• Fatal Flaw: If only he understood Arabic numbers, he might have been able to call for a beam-out in time. Unless he was just Too Dumb to Live.

Played by: John Larroquete

One of Kruge's officers.

  • Death Seeker: The film leaves it ambiguous as to whether he actually wants to die after the rest of his crew is killed, or whether he's just annoyed that Kirk is screwing with him. The novelization of the film makes it more explicit, and he commits suicide before the captured ship reaches Vulcan.
  • Sole Survivor: The only surviving member of the Bird-of-Prey crew, most of whom get blown up with the Enterprise, and the remainder of whom are killed down on the Genesis Planet.
  • Taking You with Me: Refuses to help the Enterprise crew fly the captured Bird-of-Prey to safety, likely happy in the knowledge that they'll all die when the Genesis Planet goes boom. Fortunately, Scotty and Sulu work out how to fly it anyway.
  • What Could Have Been: Maltz was going to return during the trial of Kirk and McCoy in Star Trek VI: The Undiscovered Country; he was going to testify about their actions in stealing the Klingon scout ship. Laroquette was unavailable at the time of filming so the scene wasn't done.

Played by: Cathie Shirriff

A Klingon spy working for Kruge.

  • Disposable Woman: Subverted, as it's Kruge himself who disposes of her, though their exact relationship is somewhat ambiguous.
  • Face Death with Dignity: She reacts to the news of her impending demise with a relatively calm "Understood."
  • She Knows Too Much: She, and the crew of the freighter she's on, get blown to shreds after she reveals that she looked at the Project Genesis briefing.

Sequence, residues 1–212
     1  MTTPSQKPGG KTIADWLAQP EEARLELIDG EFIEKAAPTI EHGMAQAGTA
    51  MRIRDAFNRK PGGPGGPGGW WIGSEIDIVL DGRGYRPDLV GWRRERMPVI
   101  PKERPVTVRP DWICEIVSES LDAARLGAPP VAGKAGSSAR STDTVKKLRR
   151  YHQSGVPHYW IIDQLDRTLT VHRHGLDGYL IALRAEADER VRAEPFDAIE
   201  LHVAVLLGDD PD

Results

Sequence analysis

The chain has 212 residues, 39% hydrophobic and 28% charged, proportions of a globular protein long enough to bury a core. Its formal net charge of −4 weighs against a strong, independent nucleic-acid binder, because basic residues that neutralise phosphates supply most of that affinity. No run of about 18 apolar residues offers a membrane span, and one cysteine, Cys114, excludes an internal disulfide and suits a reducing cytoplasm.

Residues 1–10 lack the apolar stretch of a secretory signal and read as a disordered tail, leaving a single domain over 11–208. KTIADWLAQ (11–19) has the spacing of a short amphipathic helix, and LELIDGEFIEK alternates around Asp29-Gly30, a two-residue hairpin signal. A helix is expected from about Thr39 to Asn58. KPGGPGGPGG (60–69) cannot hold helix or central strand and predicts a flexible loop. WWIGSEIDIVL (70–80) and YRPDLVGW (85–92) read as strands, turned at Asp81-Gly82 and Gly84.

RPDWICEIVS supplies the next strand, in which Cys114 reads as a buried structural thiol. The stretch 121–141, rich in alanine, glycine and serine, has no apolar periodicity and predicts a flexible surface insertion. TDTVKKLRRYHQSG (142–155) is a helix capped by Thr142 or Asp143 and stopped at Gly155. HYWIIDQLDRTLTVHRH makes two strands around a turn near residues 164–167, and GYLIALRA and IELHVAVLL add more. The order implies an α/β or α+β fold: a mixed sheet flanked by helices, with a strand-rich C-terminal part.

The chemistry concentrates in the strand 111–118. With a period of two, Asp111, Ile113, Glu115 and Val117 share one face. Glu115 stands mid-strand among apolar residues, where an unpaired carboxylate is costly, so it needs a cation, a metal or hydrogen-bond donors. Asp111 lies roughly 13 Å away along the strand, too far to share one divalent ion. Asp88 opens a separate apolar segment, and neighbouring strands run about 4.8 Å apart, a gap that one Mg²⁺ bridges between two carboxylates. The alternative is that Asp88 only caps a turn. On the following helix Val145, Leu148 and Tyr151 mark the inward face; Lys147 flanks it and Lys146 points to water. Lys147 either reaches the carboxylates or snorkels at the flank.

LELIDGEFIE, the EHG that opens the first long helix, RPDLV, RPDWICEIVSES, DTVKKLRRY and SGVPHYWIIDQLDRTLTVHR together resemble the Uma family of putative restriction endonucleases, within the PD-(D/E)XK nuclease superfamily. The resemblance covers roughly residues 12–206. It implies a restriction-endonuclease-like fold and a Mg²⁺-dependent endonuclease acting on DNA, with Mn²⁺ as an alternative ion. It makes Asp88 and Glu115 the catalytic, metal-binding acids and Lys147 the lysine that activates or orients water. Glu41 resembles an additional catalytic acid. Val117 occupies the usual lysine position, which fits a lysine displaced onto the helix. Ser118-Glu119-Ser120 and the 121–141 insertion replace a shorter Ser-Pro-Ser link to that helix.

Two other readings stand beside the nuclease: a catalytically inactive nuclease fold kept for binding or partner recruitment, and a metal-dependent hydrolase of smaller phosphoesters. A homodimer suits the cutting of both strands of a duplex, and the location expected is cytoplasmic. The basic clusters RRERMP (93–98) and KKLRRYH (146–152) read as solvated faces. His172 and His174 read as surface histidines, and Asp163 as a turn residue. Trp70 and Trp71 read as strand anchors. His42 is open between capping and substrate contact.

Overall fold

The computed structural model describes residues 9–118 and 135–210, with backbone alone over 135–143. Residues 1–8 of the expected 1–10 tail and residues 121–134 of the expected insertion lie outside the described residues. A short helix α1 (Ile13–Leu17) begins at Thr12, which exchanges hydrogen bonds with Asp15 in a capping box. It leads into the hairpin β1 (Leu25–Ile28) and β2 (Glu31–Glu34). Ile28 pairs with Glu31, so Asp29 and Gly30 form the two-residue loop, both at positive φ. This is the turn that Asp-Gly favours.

Klingon Sergeant 
Played by: David Cadiente

A Klingon warrior serving under Kruge.

  • Dull Surprise: His reaction to almost everything, from Kruge killing the giant worm creature to the shocking sight of the teenage Spock rapidly aging into an adult.
  • Mook Lieutenant: being a Klingon non-com and all.
  • No Name Given: Not even in the novelization.
  • Small Role, Big Impact: He is the one who murders David.
  • Spell My Name with an "S": Well, his rank, anyway; in the film credits he's "Klingon Sargeant," while in the novelization he's a "serjeant." Both are acceptable variations of "sergeant," though.

    Klingon Gunner 
Played by: Bob K. Cummings

The (first) gunner aboard the Klingon Bird-of-Prey.

  • Beleaguered Assistant: Even before Kruge kills him, he's the one with the unpleasant task of feeding his leader's ferocious pet dog monster.
  • No Name Given: Like the sergeant, he isn't named in any media.
  • Small Role, Big Impact: It is his destruction of the Grissom which forces the Klingons to search for hostages down on Genesis.
  • You Have Failed Me: With a side of Even Evil Has Standards; when he "accidentally" blows up the Grissom after being told to simply cripple her, and then compounds his mistake by insisting it was a "lucky shot," Kruge shoots him.
    • In the novelization, Kruge tries to make him commit suicide to atone for his failure, but he refuses, which is what prompts Kruge to finally just kill him.